Final destination is Blu-ray, to be shown in house on a large 1080p display. Do I shoot 1080/30 or 720/60? I want more of a filmed documentary than TV sports look, so leaning towards 1080 to avoid resizing. I'll be sure to get a few shots of the racing cars at 720/60 to have options though.

Thanks for any suggestions.
Rob Collins is offline   Reply With Quote
Old January 2nd, 2008, 01:55 PM   #10
Regular Crew
 
Join Date: Sep 2005
Location: Southampton UK
Posts: 165
Really interesting posts!

I film surfing and other watersports and have been considering the EX1. On my V1U i shoot 1080i but from what I have read here I could shoot 720p @50p (PAL). If this correct and I would get a better end product - it seems another (big) reason to get this cam...
Brendan Pyatt is offline   Reply With Quote
Old January 2nd, 2008, 02:09 PM   #11
Major Player
 
Join Date: Dec 2006
Location: Va Beach, Va
Posts: 241
This is a great thread!

Lots of valuable info in here.

Bookmarked!!
Brad Vaughan is offline   Reply With Quote
Old January 2nd, 2008, 02:54 PM   #12
Regular Crew
 
Join Date: Oct 2005
Location: San Jose, CA
Posts: 141
Quote:
Originally Posted by Mike Barber View Post
I see, so I have been getting hung up on the numbers. Your explanation makes sense.

So now I am wondering if I would get the best film-out picture quality from 1080p24 (which would have more compression) or 720p24 (which would have a slightly softer image). . . my head is spinning (partly from the insomnia, i am sure)
unless you shoot lots of waterfalls handheld or track moving birds against trees, almost certainly 1080p24 is going to look better. when there isn't enough motion to use up a lot of bits, you won't get significant compression artifacts using XDCAM 35mbps with either 1080p24 or 720p24... at least based on my few days of testing the EX1.

and if you're delivering in 720p24 and not going to filmout, i'd still shoot in 1080p24 and downscale. that would give more color to work with.
Ali Husain is offline   Reply With Quote
Old January 3rd, 2008, 02:27 PM   #13
Inner Circle
 
Join Date: Dec 2005
Location: Bracknell, Berkshire, UK
Posts: 4,957
I find the difference between true full resolution 720P and full resolution 1080P when viewed on a large full resolution monitor or projected to be very obvious, almost as big a difference as that between SD and 720P. Until recently it was very difficult to find places where you could actually see such comparisons as either the 1080 material was not full resolution 1080P or the monitor was not capable of displaying full native 1080P.

With the SMTPE, BBC, Nat Geo, Discovery and the majority of broadcasters pushing towards 1080P production the only time I would shoot 720P is when I need to overcrank. The BBC has recently declared that all new HD productions must be 1080 and that the use of 720P Varicams (once a BBC favorite) will not be allowed.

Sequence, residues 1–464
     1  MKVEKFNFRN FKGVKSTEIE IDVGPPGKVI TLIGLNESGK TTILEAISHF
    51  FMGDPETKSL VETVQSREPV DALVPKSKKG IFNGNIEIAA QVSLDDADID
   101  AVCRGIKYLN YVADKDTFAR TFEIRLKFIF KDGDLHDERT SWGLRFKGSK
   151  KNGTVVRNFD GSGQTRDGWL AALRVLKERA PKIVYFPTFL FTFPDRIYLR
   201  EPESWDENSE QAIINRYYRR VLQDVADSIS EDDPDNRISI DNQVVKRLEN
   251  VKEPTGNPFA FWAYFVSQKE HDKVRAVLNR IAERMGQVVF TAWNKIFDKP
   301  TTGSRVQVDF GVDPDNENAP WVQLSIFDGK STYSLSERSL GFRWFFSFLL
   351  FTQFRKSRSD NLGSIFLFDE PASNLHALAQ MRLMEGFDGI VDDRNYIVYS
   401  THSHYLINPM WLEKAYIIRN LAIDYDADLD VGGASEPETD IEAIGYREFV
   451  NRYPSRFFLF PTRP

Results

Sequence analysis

__________________
Alister Chapman, Film-Maker/Stormchaser http://www.xdcam-user.com/alisters-blog/ My XDCAM site and blog. http://www.hurricane-rig.com
Alister Chapman is offline   Reply With Quote
Old January 3rd, 2008, 02:46 PM   #14
Trustee
 
Join Date: Oct 2005
Location: Gilbert, AZ
Posts: 1,896
Quote:
Originally Posted by Alister Chapman View Post
I find the difference between true full resolution 720P and full resolution 1080P when viewed on a large full resolution monitor or projected to be very obvious, almost as big a difference as that between SD and 720P.
Totally agree. When viewing 1080P on a 1080P monitor it's quite amazing to say the least.
Steven Thomas is offline   Reply With Quote
Old January 3rd, 2008, 03:07 PM   #15
Major Player
 
Join Date: Oct 2006
Location: West Africa
Posts: 255
Wow. I really need to see a true 1080p image soon.
Seun Osewa is offline   Reply
Reply

DV Info Net refers all where-to-buy and where-to-rent questions exclusively to these trusted full line dealers and rental houses...

Professional Video
(800) 833-4801
Portland, OR

B&H Photo Video
(866) 521-7381
New York, NY

Z.G.C.
(973) 335-4460
Mountain Lakes, NJ

Abel Cine Tech
(888) 700-4416
N.Y. NY & L.A. CA

Precision Camera
(800) 677-1023
Austin, TX

DV Info Net also encourages you to support local businesses and buy from an authorized dealer in your neighborhood.
  You are here: DV Info Net > Sony XAVC / XDCAM / NXCAM / AVCHD / HDV / DV Camera Systems > Sony XDCAM EX Pro Handhelds

Thread Tools Search this Thread
Search this Thread:

Advanced Search

 



Google
 

All times are GMT -6. The time now is 07:11 PM.


DV Info Net -- Real Names, Real People, Real Info!
1998-2017 The Digital Video Information Network